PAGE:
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HALL, Justice.
Divorce, etc. Crisp Superior Court. Before Judge McMurray.
The sole question presented on this appeal from a divorce and alimony judgment entered by the trial court sitting by stipulation without a jury, is the claimed excessiveness of the permanent alimony award. We have reviewed the record, and conclude that the court did not abuse its discretion in making the challenged award. See Warner v. Warner, 234 Ga. 757 (218 SE2d 29) (1975); Thomas v. Thomas, 233 Ga. 916 (213 SE2d 877) (1975); Knighton v. Knighton, 230 Ga. 506 (197 SE2d 726) (1973): Brock v. Brock, 228 Ga. 500 (186 SE2d 537) (1972).
Appellee's motions to dismiss the appeal, and for ten percent damages under Code Ann. 6-1801, are denied.
HILL, Justice, dissenting.
I dissent as to the denial of damages under Code Ann. 6-1801. See also Crosby v. Greene, 237 Ga. 56 (1976).
The sole question presented on this appeal is the alleged excessiveness of the permanent alimony award. By final decree entered October 3, 1975, the wife was awarded the residence of the parties and the premises on which it was located, on which there was a deed to secure debt with an approximate balance due of $37,500, the husband to make the monthly payments of $271.88 plus interest for the months of August, September and October, 1975, and the wife to make the payments thereafter. The husband was ordered to pay $300 insurance premium on the home. The wife was also awarded $500 attorney fees (as to which no complaint is made upon this appeal).
The trial judge was authorized from the evidence to find that the husband owned his own business from which he received from $21,000 to $31,000 per year for each of the four taxable years prior to the decree. He carried large sums in cash, owned an airplane and owned rental property which he was holding as an investment for development into a commercial site.
Following entry of the divorce decree and alimony award, the husband filed a motion for new trial on the general grounds and an appraisal showing the residence to have a value, according to the appraiser, of $76,000. From this appraisal the husband argues that the wife was awarded $38,000 in equity in the home and that this amount was excessive.
The filing of the motion for new trial and this appeal have delayed the effectiveness of the decree of divorce and award of permanent alimony. The wife urges that the motivation behind this appeal is the hope that she will lose the home due to foreclosure. The husband contends that (although the wife was awarded property having a value of $38,000) the property award was not a "sum certain" so as to qualify for damages under Code Ann. 6-1801. That leaves the $500 attorney fee, the $300 insurance premium and $815.64 for three monthly payments on principal, for a total of $1,615.64, which clearly is a sum certain.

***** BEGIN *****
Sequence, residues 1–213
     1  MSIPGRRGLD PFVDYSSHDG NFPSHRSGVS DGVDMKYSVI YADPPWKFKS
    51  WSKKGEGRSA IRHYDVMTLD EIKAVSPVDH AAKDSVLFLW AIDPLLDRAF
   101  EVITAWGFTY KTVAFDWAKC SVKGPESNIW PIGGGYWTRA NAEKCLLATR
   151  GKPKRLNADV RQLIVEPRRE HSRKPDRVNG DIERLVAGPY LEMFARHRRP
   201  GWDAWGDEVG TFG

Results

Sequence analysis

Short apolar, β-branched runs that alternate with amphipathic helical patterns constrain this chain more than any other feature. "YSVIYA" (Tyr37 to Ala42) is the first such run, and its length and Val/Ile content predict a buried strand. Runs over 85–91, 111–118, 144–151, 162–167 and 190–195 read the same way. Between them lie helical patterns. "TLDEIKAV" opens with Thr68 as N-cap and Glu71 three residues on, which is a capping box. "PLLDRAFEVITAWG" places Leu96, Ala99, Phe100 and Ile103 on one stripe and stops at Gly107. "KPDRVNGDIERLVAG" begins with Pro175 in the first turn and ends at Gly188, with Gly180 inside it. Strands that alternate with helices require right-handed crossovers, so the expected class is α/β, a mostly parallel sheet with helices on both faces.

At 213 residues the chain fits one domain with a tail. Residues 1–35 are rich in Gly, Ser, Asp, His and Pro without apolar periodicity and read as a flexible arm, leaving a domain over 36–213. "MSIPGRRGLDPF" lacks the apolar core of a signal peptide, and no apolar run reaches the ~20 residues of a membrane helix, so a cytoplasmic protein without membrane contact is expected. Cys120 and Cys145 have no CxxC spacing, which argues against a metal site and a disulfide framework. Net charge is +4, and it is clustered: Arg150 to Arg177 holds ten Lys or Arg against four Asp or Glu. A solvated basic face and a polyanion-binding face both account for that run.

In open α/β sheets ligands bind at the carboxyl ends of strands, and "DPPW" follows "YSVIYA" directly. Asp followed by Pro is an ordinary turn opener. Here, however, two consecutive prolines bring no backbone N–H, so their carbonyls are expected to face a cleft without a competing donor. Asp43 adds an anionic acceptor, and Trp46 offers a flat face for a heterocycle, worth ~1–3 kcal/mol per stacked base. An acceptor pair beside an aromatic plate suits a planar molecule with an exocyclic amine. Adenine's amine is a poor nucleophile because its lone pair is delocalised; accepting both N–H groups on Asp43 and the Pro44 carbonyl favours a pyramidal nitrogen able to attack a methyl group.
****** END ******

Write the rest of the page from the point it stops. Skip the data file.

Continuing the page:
The majority of the court has quickly affirmed the alimony award. It has denied damages under Code Ann. 6-1801 even more rapidly. That section provides: "Ten per cent damages may be awarded by the appellate court upon any judgment for a sum certain, which has been affirmed, when in their opinion, the cause was taken up for delay only, and it shall be so entered in the remittitur."
According to the annotations under Code Ann. 6-1801, with the exception of Hodges v. Hodges, 235 Ga. 848 (221 SE2d 597) (1976), this court has not allowed damages for delay since the last century. Prior to Hodges, the last case awarding damages for delay appears to have been Harrell v. Davis, 108 Ga. 789 (4) (33 SE 852), decided in 1899. Hodges v. Hodges, supra, must therefore be considered unique in the 20th century.
The Code section in question provides that damages "may" be awarded. For this court to refuse in proper cases to award damages for delay is an abuse of discretion by this court, and appellate judges are subject, in my view, to the same rules regarding abuse of discretion (in those areas in which we have discretion) as are the trial judges whose decisions we review.
Although I have not been 100% successful, I have endeavored to set forth my views (or join another writer) in each case coming before this court in which I disagreed with or could not join the majority opinion. I believe that the bench, bar, parties and public are entitled to know the reasons why a decision is not unanimous. However, writing dissenting and concurring opinions is time consuming and the workload of this court is such that time is precious.
Therefore, I will not be able to write a dissent in every case in which this court refuses to accept its responsibility under Code Ann. 6-1801. Suffice it to say that it appears to me that the court has effectively stricken that section from the Code.
Trial judges are required to enter findings of fact and conclusions of law. See Code Ann. 81A-152. Yet this court denies appellee's notion for damages in this case with neither findings nor conclusions, stating just the result. In my view, the appellee in this case is entitled to a statement by this court that because of certain specified facts we find that this appeal had arguable merit and therefore was not taken for purposes of delay only.
I therefore dissent.
Benjamin Zeesman, for appellee.
George P. Wright, for appellant.
ARGUED MAY 10, 1976 -- DECIDED JUNE 8, 1976.
Friday May 22 08:38 EDT

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